And if you’re Joe Biden and you see this poll — and like DeSantis and his staff, you’ve seen this poll — what do you do in response to it?
I think that if you’re the Biden campaign, your task is fairly straightforward, not necessarily to pull off, but at least to identify. You’ve got to convince voters the economy is good and hope that the news continues to be good enough to, potentially, boost those numbers further. You have to persuade voters that you’re doing a decent job. And they’ll probably never persuade people that you’re not too old to be president, but at least persuade them that you’re good enough to lead the country.
And then, third, you have to remind voters of the reasons they didn’t support Donald Trump last time and why they continue not to him in our poll — that a majority of voters don’t have a favorable view of the guy, think that he’s a threat to democracy, and think that he’s committed serious crimes. Whether Biden can execute on that easily is not the same as saying that the path is open, of course. But I think that path is straightforward.
On the Trump side of the ledger, I think that it’s a little weirder to think about what Trump needs to do in the same sort of terms. Because the poll doesn’t really suggest that he has an obvious path to, like, 51 percent of the vote or something. And I find it hard to believe that the people who believe he’s a criminal or who believe that he’s a threat to democracy can be talked out of that too easily with the right words on the trail.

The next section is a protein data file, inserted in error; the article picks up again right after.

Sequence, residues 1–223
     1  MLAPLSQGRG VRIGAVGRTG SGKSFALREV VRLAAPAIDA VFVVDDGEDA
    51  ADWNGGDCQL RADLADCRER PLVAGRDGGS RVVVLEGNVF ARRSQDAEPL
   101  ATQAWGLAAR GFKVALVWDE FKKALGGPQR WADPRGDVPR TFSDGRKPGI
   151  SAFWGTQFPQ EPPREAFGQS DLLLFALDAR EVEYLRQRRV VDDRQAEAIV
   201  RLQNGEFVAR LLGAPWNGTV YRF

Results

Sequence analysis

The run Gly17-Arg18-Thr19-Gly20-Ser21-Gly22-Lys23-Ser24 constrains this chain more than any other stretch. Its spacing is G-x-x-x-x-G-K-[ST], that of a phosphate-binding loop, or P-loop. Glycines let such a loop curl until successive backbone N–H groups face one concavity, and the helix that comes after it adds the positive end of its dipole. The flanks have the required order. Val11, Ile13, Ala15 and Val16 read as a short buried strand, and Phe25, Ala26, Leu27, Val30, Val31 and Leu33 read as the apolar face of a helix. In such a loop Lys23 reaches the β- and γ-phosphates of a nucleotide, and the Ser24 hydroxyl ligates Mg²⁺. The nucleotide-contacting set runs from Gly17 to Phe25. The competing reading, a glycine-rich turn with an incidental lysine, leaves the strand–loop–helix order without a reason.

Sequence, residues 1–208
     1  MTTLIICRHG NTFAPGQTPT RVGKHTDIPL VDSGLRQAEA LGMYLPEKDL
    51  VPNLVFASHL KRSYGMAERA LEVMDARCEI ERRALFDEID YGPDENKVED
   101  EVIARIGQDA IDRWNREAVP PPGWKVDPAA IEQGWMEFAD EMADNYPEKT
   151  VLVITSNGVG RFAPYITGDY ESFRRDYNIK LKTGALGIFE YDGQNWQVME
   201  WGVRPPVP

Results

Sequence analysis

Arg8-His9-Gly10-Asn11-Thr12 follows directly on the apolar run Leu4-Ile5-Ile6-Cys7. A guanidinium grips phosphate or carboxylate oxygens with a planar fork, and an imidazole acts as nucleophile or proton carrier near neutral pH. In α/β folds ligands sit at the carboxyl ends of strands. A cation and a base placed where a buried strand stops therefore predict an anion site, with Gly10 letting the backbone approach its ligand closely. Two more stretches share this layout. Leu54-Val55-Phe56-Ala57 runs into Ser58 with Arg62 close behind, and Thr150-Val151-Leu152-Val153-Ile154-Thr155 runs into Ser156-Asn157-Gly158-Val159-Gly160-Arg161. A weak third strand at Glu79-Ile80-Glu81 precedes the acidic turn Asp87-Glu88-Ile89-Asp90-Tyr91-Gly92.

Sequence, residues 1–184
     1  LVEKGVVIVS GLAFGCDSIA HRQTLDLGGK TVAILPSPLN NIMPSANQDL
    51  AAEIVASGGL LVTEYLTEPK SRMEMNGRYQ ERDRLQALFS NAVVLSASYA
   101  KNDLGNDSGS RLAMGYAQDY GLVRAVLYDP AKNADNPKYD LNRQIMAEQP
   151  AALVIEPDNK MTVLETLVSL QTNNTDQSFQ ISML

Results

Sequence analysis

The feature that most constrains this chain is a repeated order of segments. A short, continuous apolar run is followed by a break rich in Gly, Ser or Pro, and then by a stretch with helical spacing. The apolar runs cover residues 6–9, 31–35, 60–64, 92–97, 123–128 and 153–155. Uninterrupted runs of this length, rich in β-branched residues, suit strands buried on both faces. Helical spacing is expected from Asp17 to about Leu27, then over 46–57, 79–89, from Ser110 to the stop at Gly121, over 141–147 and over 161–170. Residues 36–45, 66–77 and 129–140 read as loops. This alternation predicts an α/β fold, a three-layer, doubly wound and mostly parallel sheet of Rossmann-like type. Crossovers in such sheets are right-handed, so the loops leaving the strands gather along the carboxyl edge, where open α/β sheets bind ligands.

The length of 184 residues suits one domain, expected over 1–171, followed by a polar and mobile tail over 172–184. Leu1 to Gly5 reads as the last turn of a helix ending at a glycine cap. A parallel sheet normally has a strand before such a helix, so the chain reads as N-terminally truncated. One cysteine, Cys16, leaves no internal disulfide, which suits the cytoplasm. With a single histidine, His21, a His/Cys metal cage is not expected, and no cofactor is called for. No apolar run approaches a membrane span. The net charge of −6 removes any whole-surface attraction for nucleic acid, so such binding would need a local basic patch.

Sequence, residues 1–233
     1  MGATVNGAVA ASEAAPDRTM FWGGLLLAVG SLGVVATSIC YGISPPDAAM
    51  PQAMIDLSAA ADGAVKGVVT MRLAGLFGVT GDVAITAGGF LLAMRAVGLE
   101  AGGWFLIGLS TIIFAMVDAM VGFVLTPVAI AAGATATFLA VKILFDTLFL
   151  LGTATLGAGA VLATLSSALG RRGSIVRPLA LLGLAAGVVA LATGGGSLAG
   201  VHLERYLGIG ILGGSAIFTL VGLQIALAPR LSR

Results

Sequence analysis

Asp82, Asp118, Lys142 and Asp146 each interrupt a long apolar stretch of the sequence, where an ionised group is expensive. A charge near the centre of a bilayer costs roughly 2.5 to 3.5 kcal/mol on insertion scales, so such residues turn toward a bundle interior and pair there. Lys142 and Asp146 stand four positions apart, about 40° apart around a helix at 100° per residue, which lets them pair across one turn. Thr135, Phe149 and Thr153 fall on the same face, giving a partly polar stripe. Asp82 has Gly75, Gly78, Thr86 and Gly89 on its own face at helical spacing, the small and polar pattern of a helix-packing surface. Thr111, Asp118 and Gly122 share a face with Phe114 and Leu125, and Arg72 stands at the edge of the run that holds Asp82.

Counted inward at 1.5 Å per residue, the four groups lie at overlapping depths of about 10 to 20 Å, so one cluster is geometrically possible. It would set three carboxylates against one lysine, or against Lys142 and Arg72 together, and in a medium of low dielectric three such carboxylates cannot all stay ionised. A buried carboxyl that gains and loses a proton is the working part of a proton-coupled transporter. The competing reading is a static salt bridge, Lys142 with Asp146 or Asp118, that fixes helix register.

But what you can do is continue to keep your path open by continuing to reinforce Biden’s weaknesses. You can say that Hunter Biden and Joe Biden are also involved in criminal conspiracies. You can continue to appear as a vigorous and energetic candidate that maybe offers a strong contrast to Joe Biden’s age.
You can argue that the economy isn’t good and that prices are higher and so on. And that may not be a path to a majority. Donald Trump has never won a majority. But does it keep a path open to another narrow victory in these battleground states? Maybe it does.
Well, Nate, as always, thank you very much.
Thank you for having me.
We’ll be right back.
Here’s what else you need to know today. On Wednesday, jurors imposed a sentence of death on the gunman who killed 11 people at a Pittsburgh synagogue in 2018 — a massacre that is considered the deadliest anti-Semitic attack in US history.
The gunman, who repeatedly expressed anti-Semitism in online postings, did not dispute his guilt during the trial, but his lawyers argued that he should be spared the death penalty because of a history of psychiatric problems and a troubled childhood — an argument that the jury rejected.
Today’s episode was produced by Rikki Novetsky, Stella Tan, Clare Toeniskoetter, and Mary Wilson. It was edited by Liz O. Baylen and Paige Cowett, contains original music by Marion Lozano and Elisheba Ittoop, and was engineered by Chris Wood. Our theme music is by Jim Brunberg and Ben Landsverk of Wonderly.
That’s it for “The Daily.” I’m Michael Barbaro. See you tomorrow.